This academic year, Owensboro Public School launched Emerson Academy Resiliency Network (EARN), a mentor-based life skills program that focuses on career preparation, budgeting, financial responsibility, applying for jobs and housing, time management and communication. On Thursday, the 10 students in the pilot program met their mentors at a reception at Independence Bank.
Emerson Academy Principal Kevin Thompson said he has already seen a difference in the students, who are all seniors set to graduate in May 2020.
“These are non-traditional learners, but they are getting the opportunity to work with community leaders that are well-respected,” he said. “They have matured. And they are like sponges now. They want to learn as much as they can.”
Independence Bank President Darrell Higginbotham signed on to be an EARN mentor. He said it was his own non-traditional background growing up that led him to the role.
“I can relate to some of their challenges,” Higginbotham said. “Life interferes with their normal high school environment. As mentors, our support encourages them and at times challenges them to get their degree because we know their life will be better if they finish high school.”
Higginbotham said organizers found one main deterrent to high school attendance was work.
“My mentee has a job and many of the others do as well and are helping support their families or themselves,” he said. “They have to decide between school and their job.”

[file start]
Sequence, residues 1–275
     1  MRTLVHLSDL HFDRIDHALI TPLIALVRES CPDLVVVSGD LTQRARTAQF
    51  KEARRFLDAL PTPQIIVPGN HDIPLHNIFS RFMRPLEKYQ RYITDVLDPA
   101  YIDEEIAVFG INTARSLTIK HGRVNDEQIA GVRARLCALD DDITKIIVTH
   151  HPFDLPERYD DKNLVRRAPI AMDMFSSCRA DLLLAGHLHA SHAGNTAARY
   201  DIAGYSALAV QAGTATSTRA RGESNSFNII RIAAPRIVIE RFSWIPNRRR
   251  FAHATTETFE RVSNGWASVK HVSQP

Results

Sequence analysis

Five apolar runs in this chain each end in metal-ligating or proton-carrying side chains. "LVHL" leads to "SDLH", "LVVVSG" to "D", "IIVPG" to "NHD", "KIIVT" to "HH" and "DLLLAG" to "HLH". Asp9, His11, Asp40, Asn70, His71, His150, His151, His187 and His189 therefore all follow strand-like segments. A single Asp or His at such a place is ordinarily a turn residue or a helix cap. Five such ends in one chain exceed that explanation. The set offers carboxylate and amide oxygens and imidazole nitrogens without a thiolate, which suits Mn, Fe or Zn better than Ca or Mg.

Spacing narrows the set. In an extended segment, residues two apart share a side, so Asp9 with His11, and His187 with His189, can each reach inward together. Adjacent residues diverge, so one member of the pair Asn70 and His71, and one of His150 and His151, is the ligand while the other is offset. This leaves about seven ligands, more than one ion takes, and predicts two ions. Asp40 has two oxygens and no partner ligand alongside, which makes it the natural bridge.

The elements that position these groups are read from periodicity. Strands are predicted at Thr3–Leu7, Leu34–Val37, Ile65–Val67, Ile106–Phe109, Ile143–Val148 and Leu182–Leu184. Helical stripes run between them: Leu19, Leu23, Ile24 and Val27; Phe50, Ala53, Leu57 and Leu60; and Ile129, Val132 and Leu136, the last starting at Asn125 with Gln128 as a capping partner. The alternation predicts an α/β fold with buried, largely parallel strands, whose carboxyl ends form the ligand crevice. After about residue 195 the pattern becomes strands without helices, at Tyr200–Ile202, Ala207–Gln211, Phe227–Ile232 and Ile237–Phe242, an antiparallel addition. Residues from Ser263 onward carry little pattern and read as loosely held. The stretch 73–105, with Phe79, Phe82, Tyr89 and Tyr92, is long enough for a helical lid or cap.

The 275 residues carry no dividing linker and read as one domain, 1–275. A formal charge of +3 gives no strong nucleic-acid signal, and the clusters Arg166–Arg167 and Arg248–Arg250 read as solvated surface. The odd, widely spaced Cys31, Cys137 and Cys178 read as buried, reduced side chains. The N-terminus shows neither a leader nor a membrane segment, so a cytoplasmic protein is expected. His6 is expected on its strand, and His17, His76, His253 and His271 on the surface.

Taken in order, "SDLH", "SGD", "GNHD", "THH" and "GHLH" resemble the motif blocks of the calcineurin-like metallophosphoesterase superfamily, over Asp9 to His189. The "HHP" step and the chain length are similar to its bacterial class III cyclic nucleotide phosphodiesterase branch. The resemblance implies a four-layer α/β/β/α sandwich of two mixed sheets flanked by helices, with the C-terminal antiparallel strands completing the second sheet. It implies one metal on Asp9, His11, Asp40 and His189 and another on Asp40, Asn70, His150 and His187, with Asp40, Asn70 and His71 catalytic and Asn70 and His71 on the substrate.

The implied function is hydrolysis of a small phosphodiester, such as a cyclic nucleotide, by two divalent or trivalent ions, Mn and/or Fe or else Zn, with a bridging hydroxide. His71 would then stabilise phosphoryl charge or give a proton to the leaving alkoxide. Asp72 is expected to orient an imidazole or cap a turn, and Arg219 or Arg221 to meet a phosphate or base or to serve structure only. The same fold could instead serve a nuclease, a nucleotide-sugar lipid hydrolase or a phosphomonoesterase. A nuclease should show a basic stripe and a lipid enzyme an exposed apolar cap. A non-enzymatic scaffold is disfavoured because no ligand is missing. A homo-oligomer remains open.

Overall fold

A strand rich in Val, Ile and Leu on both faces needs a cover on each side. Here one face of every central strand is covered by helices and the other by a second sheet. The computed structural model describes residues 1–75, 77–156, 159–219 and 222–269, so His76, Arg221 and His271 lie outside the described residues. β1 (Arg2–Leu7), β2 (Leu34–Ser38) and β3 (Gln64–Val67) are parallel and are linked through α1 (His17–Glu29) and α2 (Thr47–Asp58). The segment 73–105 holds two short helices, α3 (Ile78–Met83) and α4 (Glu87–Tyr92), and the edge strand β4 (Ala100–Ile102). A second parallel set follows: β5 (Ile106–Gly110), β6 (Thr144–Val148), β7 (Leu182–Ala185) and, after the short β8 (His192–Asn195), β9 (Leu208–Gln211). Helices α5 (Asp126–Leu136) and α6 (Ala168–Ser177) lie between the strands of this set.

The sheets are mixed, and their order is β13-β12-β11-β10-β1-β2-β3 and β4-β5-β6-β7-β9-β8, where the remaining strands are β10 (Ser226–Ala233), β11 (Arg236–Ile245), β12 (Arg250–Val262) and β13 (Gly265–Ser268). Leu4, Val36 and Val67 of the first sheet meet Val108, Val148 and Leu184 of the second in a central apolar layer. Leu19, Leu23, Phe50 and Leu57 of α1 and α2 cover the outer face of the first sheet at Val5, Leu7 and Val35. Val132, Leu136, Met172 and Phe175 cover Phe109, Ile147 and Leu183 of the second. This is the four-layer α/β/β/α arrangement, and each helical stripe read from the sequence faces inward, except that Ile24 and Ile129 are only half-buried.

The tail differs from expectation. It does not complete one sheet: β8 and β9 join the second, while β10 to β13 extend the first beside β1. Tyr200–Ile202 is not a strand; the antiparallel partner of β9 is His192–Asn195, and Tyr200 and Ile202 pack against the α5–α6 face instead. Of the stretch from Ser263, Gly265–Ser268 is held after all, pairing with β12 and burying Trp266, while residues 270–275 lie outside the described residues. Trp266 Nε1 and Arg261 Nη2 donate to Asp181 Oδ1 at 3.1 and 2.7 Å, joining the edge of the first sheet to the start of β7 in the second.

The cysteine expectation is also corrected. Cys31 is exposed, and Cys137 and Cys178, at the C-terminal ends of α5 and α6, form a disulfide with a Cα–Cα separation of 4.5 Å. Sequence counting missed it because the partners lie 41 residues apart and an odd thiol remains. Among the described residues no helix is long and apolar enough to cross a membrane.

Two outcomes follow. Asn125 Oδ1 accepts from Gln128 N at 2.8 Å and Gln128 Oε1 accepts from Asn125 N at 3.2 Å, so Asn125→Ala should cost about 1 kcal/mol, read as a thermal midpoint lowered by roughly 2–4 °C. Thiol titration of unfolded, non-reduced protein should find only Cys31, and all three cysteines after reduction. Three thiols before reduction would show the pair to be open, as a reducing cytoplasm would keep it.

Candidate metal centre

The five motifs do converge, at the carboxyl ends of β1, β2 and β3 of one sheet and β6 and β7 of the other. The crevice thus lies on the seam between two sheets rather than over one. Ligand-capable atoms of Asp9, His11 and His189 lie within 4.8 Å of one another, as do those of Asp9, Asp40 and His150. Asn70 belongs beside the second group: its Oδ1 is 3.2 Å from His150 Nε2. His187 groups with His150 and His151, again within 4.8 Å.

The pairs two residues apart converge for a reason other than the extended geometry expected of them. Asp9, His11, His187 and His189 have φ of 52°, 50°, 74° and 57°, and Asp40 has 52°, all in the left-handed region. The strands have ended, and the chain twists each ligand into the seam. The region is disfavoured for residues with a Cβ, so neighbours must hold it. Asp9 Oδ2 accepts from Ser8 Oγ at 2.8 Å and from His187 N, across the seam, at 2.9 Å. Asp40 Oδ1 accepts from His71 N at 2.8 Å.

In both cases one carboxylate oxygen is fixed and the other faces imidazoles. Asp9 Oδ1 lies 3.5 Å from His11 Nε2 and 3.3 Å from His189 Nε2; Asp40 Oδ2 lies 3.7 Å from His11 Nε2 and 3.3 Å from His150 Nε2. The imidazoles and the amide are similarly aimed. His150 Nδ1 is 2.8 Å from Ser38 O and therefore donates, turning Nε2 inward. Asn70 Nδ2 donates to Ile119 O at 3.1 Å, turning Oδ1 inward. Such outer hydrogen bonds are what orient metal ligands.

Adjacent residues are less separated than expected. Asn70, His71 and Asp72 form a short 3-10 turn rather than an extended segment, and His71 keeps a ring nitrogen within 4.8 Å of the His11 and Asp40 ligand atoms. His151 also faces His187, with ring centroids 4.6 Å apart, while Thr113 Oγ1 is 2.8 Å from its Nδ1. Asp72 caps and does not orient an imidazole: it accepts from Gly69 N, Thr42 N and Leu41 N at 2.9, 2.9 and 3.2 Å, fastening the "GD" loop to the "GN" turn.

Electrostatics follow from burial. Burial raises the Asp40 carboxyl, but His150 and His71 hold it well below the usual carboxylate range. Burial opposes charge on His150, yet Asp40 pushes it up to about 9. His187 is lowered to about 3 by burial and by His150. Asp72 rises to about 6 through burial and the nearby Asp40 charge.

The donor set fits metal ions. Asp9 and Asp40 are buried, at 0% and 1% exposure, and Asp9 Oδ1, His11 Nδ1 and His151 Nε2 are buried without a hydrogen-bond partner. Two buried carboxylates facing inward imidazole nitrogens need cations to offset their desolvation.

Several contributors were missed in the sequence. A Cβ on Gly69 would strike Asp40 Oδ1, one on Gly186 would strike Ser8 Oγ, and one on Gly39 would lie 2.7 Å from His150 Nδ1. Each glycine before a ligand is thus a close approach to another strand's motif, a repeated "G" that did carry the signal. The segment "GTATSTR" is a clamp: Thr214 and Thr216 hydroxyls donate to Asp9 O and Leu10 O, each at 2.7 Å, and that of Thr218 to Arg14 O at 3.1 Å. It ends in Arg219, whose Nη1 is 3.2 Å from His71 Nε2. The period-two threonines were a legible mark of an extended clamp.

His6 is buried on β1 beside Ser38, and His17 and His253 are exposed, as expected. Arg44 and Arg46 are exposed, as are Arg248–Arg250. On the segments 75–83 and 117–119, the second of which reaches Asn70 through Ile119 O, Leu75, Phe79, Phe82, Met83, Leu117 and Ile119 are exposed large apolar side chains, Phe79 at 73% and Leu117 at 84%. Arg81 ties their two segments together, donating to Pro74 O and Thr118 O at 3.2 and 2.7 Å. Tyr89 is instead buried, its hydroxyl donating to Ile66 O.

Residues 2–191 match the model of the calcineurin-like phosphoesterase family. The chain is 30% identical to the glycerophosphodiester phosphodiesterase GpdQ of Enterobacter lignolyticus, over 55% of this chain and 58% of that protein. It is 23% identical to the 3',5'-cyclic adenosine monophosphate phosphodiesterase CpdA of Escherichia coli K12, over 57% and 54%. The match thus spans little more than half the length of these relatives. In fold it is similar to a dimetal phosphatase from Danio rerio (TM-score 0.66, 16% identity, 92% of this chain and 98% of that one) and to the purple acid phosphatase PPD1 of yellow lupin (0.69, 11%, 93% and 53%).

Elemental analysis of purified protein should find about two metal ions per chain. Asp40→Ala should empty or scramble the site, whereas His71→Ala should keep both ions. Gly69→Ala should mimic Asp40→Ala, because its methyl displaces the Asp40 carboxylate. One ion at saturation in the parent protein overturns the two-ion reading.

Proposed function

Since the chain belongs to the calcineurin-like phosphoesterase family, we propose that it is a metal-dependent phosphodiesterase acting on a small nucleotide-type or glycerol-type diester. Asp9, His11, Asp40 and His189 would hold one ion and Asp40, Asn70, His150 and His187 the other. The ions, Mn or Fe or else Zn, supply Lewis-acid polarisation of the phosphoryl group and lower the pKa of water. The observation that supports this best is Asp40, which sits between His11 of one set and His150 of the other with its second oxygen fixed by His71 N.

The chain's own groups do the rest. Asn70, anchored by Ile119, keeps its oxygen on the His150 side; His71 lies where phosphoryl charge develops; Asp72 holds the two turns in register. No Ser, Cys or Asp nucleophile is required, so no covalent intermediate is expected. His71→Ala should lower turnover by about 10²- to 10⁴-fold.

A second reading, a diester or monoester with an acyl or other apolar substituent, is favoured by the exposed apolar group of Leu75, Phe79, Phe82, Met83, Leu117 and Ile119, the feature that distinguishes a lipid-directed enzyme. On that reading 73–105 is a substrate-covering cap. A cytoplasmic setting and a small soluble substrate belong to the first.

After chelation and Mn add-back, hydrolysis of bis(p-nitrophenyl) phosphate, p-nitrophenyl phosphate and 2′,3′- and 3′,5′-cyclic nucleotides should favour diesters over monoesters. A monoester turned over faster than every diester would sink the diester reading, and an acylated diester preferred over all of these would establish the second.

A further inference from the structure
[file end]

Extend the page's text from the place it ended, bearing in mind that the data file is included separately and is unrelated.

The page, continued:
For this reason, the leaders of EARN decided to include a financial component to the program. The students will earn $20 per day to attend school and meet required benchmarks with a maximum amount of $3,000 available. Money is deposited into an account at Independence Bank where the students can view the money, but cannot spend or transfer it. It is given to them after graduation.
“The combination of the mentor and the financial incentive means the student is more likely to graduate,” Higginbotham said.
EARN began after Court Appointed Special Advocates (CASA) of Ohio Valley was providing Emerson Academy students with trauma-informed lessons. According to CASA Executive Director Rosemary Conder, truancy of the Emerson students meant the lessons were not as successful as other school locations. A discussion began on how to encourage Emerson students to show up to school and less than a year later, EARN was launched.
“Now this pilot project is set to become a model for the state,” Conder said.
The students that EARN is serving come from troubled backgrounds, Conder said, and are at risk in a multitude of ways.
“This program shows our community cares for them,” she said. “And the money is not important to them. They are excited an adult cares enough about them to spend time with them.”